Network Services

Web Servers – Start your NGIN…X

These days Web Servers are more than just that.  Web Servers can be used for a variety of things, including be a repository for files that can be used by your infrastructure devices, such as switches, compute, and storage.

In this blog we’ll be installing the NGINX Web application on a CentOS VM (yes…I know).  As a note – the Web Server install in this case in not Internet (Public) facing in the traditional sense, ok? To use NGINX in all its glory, you might want to visit there official website:

Again, what we’re doing is building this Web Server for the purposes of holding configuration files for our infrastructure devices.

Alright – so let’s get started.  Normally, I would show a diagram, but all we’re doing is setting up our webserver for a later blog posting. So let’s begin:

Task 1: Download and install CentOS 7 from:
I normally choose the ‘Minimal ISO’ because it’s about 800MB compared to 8Gigs of the ‘Everything ISO’

Once installed.  It’s best to perform an update and install net-tools

[root@dhcp~]# yum -y update
[root@dhcp~]# yum –y install net-tools

Task2: Install the EPEL release for installing NGINX
Run the following command for the epel release

1[root@dhcp~]# yum –y install epel-release

Task 3: Install NGINX service
After the epel release, install the NGINX services with the following command

1[root@dhcp~]# yum –y install nginx

Task 4: Start NGINX Service

Let’s start the NGINX service by issuing the following command

1[root@dhcp ~]# systemctl start nginx

Verify the service with

[root@nginx ~]# systemctl start nginx
[root@nginx ~]# systemctl status nginx
nginx.service - The nginx HTTP and reverse proxy server
Loaded: loaded (/usr/lib/systemd/system/nginx.service; disabled; vendor preset: disabled)
Active: active (running) since Sat 2018-02-10 21:11:04 EST; 53s ago
Process: 13394 ExecStart=/usr/sbin/nginx (code=exited, status=0/SUCCESS)
Process: 13391 ExecStartPre=/usr/sbin/nginx -t (code=exited, status=0/SUCCESS)
Process: 13389 ExecStartPre=/usr/bin/rm -f /run/ (code=exited, status=0/SUCCESS)
Main PID: 13396 (nginx)
CGroup: /system.slice/nginx.service
├─13396 nginx: master process /usr/sbin/nginx
├─13397 nginx: worker process
└─13398 nginx: worker process 
Feb 10 21:11:04 nginx.lab.aha.local systemd[1]: Starting The nginx HTTP and reverse proxy server...
Feb 10 21:11:04 nginx.lab.aha.local nginx[13391]: nginx: the configuration file /etc/nginx/nginx.conf syntax is ok
Feb 10 21:11:04 nginx.lab.aha.local nginx[13391]: nginx: configuration file /etc/nginx/nginx.conf test is successful
Feb 10 21:11:04 nginx.lab.aha.local systemd[1]: Started The nginx HTTP and reverse proxy server. 

[root@nginx ~]#

As you can see, next to active – our NGINX service is running, yeah!

Task 5: Verify you can reach your NGINX server via a web browser
Open a web browser and enter the ip address of your web browser. From me it will be

Note: If you can’t reach it, probably you might want to check the firewall service on your CentOS VM and clear it using

1[root@nginx ~]# iptables -F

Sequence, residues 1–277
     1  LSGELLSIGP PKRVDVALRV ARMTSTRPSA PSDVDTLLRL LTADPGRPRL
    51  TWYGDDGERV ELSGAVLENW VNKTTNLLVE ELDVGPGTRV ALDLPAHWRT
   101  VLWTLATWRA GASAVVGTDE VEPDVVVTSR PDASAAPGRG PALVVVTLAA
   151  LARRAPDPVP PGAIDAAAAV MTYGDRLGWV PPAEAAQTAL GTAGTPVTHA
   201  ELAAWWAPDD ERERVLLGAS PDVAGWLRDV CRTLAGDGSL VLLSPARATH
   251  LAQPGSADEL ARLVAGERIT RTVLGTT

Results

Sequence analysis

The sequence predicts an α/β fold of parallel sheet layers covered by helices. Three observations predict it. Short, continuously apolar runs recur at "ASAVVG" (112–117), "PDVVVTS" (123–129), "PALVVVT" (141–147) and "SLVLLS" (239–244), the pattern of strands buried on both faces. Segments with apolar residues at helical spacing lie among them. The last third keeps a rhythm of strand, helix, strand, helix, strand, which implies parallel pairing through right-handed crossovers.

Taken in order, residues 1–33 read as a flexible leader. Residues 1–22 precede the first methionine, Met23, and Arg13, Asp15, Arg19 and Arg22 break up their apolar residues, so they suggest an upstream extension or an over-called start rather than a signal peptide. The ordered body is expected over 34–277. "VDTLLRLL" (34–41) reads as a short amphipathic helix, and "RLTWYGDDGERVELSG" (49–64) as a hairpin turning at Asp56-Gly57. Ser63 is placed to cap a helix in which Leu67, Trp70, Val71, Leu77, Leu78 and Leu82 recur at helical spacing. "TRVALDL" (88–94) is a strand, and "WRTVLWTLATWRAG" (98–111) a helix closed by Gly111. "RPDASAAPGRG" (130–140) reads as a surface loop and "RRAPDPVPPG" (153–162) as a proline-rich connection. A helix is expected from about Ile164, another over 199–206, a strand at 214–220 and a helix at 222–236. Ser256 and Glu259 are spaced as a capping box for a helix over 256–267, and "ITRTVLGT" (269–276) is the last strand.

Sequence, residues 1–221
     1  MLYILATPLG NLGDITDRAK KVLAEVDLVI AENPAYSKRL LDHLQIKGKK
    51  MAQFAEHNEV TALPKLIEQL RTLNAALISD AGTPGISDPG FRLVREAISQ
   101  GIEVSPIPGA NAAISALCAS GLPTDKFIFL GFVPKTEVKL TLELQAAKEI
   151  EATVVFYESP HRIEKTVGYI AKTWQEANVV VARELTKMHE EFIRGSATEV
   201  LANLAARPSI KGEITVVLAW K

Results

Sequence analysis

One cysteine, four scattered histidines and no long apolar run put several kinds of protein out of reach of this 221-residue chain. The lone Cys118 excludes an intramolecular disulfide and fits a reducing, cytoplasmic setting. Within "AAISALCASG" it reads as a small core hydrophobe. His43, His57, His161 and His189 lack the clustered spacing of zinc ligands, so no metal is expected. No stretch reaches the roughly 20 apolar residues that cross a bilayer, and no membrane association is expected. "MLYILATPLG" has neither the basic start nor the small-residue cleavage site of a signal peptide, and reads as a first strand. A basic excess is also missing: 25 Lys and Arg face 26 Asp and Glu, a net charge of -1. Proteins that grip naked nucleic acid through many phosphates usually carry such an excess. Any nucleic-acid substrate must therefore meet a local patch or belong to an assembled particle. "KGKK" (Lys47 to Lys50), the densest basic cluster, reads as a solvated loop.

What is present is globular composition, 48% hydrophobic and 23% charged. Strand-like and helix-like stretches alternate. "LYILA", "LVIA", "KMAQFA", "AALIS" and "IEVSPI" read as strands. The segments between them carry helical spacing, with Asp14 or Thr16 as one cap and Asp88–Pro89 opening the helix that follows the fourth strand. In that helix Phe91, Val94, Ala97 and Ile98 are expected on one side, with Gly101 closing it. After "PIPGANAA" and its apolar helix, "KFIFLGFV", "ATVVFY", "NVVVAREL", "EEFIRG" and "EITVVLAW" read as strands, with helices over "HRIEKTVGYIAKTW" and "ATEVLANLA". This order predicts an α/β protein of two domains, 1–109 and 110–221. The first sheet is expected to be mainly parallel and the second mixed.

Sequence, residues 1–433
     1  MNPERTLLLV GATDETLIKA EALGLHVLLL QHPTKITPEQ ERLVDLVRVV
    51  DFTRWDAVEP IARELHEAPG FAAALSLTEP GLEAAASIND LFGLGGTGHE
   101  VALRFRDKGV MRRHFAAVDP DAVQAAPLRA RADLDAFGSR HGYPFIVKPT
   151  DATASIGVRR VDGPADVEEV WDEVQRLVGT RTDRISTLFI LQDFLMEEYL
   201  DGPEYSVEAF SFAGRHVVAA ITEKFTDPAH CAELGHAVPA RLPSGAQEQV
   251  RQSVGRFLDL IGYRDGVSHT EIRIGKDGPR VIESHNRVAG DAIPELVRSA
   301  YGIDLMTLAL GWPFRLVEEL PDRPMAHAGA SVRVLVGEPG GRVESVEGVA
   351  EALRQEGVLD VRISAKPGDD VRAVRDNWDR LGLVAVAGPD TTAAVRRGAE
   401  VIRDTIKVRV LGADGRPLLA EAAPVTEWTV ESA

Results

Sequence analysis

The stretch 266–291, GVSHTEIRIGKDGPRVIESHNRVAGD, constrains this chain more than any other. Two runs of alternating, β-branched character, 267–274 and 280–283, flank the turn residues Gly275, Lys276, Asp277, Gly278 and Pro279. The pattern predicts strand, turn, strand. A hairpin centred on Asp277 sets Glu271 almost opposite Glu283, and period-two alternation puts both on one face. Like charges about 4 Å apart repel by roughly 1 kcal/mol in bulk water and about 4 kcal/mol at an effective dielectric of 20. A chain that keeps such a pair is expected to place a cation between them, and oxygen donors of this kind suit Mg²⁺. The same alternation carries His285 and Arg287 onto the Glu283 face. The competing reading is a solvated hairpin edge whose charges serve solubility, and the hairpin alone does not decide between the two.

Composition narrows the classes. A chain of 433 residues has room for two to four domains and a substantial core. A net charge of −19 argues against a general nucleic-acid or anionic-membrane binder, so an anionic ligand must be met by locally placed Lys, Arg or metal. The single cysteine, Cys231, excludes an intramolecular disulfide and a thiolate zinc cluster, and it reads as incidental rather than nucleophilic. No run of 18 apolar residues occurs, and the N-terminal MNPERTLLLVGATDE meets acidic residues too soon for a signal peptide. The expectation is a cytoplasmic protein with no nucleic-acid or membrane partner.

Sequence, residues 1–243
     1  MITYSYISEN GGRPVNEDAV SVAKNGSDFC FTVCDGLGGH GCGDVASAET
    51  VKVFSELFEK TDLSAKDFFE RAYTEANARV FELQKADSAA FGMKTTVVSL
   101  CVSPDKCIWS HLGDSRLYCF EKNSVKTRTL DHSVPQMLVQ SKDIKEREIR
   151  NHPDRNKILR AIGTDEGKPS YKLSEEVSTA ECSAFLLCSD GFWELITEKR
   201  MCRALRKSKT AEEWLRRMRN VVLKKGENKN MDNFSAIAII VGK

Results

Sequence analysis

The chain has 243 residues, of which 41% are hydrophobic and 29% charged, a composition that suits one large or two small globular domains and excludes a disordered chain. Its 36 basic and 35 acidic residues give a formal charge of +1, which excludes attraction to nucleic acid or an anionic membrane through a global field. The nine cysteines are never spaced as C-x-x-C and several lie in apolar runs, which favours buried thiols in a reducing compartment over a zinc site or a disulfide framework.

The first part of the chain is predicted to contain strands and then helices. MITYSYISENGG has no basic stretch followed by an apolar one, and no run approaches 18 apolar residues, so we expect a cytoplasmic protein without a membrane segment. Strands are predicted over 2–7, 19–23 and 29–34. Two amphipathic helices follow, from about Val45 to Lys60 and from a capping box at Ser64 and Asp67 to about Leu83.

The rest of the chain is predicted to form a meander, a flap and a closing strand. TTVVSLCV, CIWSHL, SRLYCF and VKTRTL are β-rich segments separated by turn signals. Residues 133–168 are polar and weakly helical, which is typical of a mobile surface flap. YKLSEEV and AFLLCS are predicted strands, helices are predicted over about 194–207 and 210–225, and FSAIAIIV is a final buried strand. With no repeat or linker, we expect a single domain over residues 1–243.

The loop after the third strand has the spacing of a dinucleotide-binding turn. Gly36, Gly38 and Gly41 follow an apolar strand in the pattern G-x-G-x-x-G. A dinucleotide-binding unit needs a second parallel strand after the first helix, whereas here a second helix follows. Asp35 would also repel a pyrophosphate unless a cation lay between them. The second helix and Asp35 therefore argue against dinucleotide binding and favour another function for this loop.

If you’re all set, then enter your IP, your default web Server page should look like this:

If you notice the default location of this web file (index.html). It’s located at: /usr/share/ngnix/html.  In this directory you’ll see a few files to which you can modified to remove the test page we just saw.

If we look into that directory we’ll see the following:


[root@nginx html]# ls
404.html 50x.html index.html nginx-logo.png poweredby.png
[root@nginx html]#

Notice the index.html? Well, this is our default homepage as shown above.  But for our purposes, this webserver is not public facing. To be honest – I’m not much of a web designer either so making great looking web pages is not my thing 🙂 . Again, the purpose is to act as a repository to hold files so our infrastructure devices can download them.  Such file will be patches, startup scripts, ssh keys for automation tools like Anisble (hummm), and etc…

Task 6: Rename index.html and delete it.
We’ll do is copy & rename the index.html to index.html.orig.  I do this because maybe, just maybe, down the road I’ll delve in web building a bit more.


[root@nginx html]# cp index.html index.html.orig
[root@nginx html]# ls
404.html 50x.html index.html index.html.orig nginx-logo.png poweredby.png
[root@nginx html]#

Then we’ll have to delete the index.html file

[root@nginx html]# rm index.html
[root@nginx html]#

Task 7: Add files or directories and verify you can see the file/directory listing
From here you can simply create/add files (or even make additional directory structures) in this directory [/usr/share/nginx/html] and they will appear on the webpage.

When we go back to the webpage, refresh – you’ll see your files listed. Notice my file called Start-your-NGIN…X.

To test if the file will download just click on a file.

Alright – now you have your webserver up & ready for ‘internal’ use. Just add your files for your infrastructure devices and begin automating various aspects of your overall Data Center infrastructure.

Happy Configuring!

Leave a Reply

Your email address will not be published. Required fields are marked *